JUNE 2018




Flex Zone

Nailed It Nouvelle Nail Spa moves to new headquarters in the Westside Provisions District

Break a sweat at group fitness studio MADabolic in its first Georgia location this month f you’re a group fitness junkie— or maybe you feel like it’s time to ditch the treadmill—Old Fourth Ward’s new fitness studio might be for you. Known for its small group classes that emphasize “work to rest”-style interval training, MADabolic Inc. opens in the second phase of Studioplex this month. Launched in Charlotte, North Carolina, in 2011, MADabolic boasts locations across the Southeast, from Virginia to Texas, and now, Atlanta. Those intimidated by heavy weights needn't worry; you won’t find any barbells here. Instead, MADabolic clients will incorporate kettlebells, dumbbells, medballs and boxing into the 55-minute workout,

Midtown Marvel Marriott’s dual branded AC/Moxy Hotel is coming to Atlanta


arriott’s AC and Moxy hotel concepts are coming together in Midtown, with both opening under one roof this year in a partnership between Marriott and Atlanta developer Noble Investment Group. Atlanta’s Cooper Carry serves as the architect. The $70 million, dualbranded hotel will span five stories and be located between 13th and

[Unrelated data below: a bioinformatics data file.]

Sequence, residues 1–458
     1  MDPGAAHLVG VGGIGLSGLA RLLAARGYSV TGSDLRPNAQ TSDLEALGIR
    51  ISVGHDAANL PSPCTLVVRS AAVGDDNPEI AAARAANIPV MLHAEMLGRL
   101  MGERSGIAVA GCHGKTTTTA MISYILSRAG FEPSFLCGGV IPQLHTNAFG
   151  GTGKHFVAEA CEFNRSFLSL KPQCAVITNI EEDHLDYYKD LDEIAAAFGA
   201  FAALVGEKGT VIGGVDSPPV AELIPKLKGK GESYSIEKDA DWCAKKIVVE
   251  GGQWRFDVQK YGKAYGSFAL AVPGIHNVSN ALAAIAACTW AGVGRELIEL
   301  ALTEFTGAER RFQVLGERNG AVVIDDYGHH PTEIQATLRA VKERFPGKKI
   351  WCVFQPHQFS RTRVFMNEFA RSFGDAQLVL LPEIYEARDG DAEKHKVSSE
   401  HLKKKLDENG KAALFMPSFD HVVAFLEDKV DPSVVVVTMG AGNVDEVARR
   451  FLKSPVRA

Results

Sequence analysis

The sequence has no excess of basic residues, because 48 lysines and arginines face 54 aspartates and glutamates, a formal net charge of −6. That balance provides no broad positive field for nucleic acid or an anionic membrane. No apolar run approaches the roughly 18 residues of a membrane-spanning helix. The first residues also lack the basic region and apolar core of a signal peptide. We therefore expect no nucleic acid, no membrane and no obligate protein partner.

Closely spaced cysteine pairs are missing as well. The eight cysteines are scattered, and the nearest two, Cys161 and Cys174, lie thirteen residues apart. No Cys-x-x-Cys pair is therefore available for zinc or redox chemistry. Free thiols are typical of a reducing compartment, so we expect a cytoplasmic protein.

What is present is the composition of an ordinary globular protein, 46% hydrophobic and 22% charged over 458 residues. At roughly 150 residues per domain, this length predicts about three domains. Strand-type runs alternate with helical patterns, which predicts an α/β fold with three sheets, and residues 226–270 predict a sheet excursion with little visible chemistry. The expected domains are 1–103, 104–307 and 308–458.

JUNE 2018

Photo: Shea Pharik


which is comprised of three components: momentum, anaerobic and durability (MAD). Clients will also receive a full year of suggested workout schedules that cater to long-term improvement, rather than daily achievements. “Our unique program can accommodate those who are newer to strength and conditioning, alongside competitive athletes,” says Atlanta studio owner Abby Closs, who previously worked in sales at Kind snacks. “We accomplish this by dividing

each class into four levels of intensity based on natural ability and where you are in your athletic journey. Our trainers will demonstrate each movement at the beginning of class and then carefully guide you to choose the correct level of intensity for you.” New members will receive a $10 for 10 days promotion to try MADabolic’s workouts, and the studio will host a series of open house events this month. Unlimited monthly packages and drop-in classes are available. n